Of course, you also need something to stitch with: embroidery thread (floss). The most common type, and the one most recommended for beginners, is DMC cotton floss. This floss is 6 ply, which means you can separate it into 6 different strands. In most cases, you have to separate them and use only 1, 2, or 3 strands at a time, not the full 6. You can see a great image of how the thread splits on the DMC website. Floss comes in a crazy number of colours, so have fun shopping for just the right shades for your project!

You will also need a needle. For cross stitch you use a blunt tipped tapestry needle, NOT a sharp embroidery needle. You don’t want to pierce through the fabric itself when cross stitching (unless you are doing a fancier stitch), but instead through the holes of the fabric. The most common sizes used are 24 and 26. The size you use depends on the fabric you have chosen, and how many strands of thread you are using. If you are using a fabric with larger holes to stitch into and more strands of thread (2 or more), than use the larger size 24 needle. If your fabric is finer and you are using fewer strands (2 or less), use the smaller size 26 needle. A good test is to pass the needle through the fabric – if the needle makes the hole larger, it is too big.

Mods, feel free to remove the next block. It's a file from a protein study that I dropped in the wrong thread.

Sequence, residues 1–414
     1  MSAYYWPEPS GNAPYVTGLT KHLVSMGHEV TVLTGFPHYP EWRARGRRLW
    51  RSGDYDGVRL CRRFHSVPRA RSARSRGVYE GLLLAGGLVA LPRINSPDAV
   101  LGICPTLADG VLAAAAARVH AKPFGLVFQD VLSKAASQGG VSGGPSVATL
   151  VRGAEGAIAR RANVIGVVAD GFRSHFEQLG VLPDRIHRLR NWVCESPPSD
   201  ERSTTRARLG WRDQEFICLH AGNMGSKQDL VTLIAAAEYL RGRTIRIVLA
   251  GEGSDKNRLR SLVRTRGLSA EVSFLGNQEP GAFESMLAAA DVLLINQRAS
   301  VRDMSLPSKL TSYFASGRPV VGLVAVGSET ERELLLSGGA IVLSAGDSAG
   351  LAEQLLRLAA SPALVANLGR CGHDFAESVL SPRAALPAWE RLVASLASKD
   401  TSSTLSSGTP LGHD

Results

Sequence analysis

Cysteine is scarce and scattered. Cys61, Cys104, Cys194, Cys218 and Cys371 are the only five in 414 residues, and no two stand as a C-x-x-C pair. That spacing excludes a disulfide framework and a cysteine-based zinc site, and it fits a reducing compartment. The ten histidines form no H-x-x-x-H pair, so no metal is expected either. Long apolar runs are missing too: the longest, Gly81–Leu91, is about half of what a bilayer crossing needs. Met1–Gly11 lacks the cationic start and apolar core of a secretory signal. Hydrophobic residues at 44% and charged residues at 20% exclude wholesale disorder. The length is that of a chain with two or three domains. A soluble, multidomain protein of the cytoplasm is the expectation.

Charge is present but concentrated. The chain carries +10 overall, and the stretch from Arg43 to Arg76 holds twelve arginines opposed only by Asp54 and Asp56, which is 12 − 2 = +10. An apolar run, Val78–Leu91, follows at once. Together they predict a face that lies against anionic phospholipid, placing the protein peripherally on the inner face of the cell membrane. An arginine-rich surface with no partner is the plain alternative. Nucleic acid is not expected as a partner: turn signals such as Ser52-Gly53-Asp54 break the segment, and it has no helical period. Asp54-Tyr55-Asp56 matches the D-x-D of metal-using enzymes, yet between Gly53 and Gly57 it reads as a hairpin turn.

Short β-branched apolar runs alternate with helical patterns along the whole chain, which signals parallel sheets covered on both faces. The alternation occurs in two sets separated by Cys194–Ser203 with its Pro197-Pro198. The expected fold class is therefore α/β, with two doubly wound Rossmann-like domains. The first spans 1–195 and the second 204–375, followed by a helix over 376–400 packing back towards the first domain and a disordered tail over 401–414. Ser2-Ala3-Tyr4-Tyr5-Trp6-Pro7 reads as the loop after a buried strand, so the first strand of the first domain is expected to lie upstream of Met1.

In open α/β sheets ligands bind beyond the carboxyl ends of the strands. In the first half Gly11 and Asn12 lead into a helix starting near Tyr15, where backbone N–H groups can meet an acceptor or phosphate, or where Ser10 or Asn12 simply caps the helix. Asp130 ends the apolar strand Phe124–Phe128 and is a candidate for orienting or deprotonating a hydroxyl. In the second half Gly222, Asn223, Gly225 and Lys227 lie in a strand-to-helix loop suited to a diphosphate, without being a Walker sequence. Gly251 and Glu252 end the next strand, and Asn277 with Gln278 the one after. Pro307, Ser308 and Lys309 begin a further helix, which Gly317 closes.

I used a size 24 needle and 3 strands of thread for my project, but from what I have read since, most people use only 2 strands on 14-count Aida. Working with three strands worked out fine for me – my stitches were simply thicker and more raised from the fabric. It is all a matter of preference, so experiment using the fabric you have choosen. Next time, I plan to experiment and try only 2 strands.

You may also want to get a hoop to hold your work as you stitch. A hoop is made up of two wooden or plastic circles, one small one that fits inside a larger one. You stretch your fabric across the small circle and keep it taut and in place with the larger circle. You can see how it works on the DMC website. Many stitchers use a hoop to help hold the fabric for them and keep it taut while stitching, but others prefer not to use one at all and simply hold the fabric in their hands. Try out both methods and see which you prefer.

Hoops come in both wood and plastic, in a variety of sizes and shapes. Again, you need to experiment with each kind to see which you like to use – there are mixed reviews! When using a hoop, make sure you choose a size that is larger than the pattern you want to stitch – you don’t want your work to be pressed in-between the two hoop pieces.

There are alternatives to hoops, such as scroll bar frames and stretcher bars, so if you aren’t a fan of the hoop, check these out and see if you like using them instead.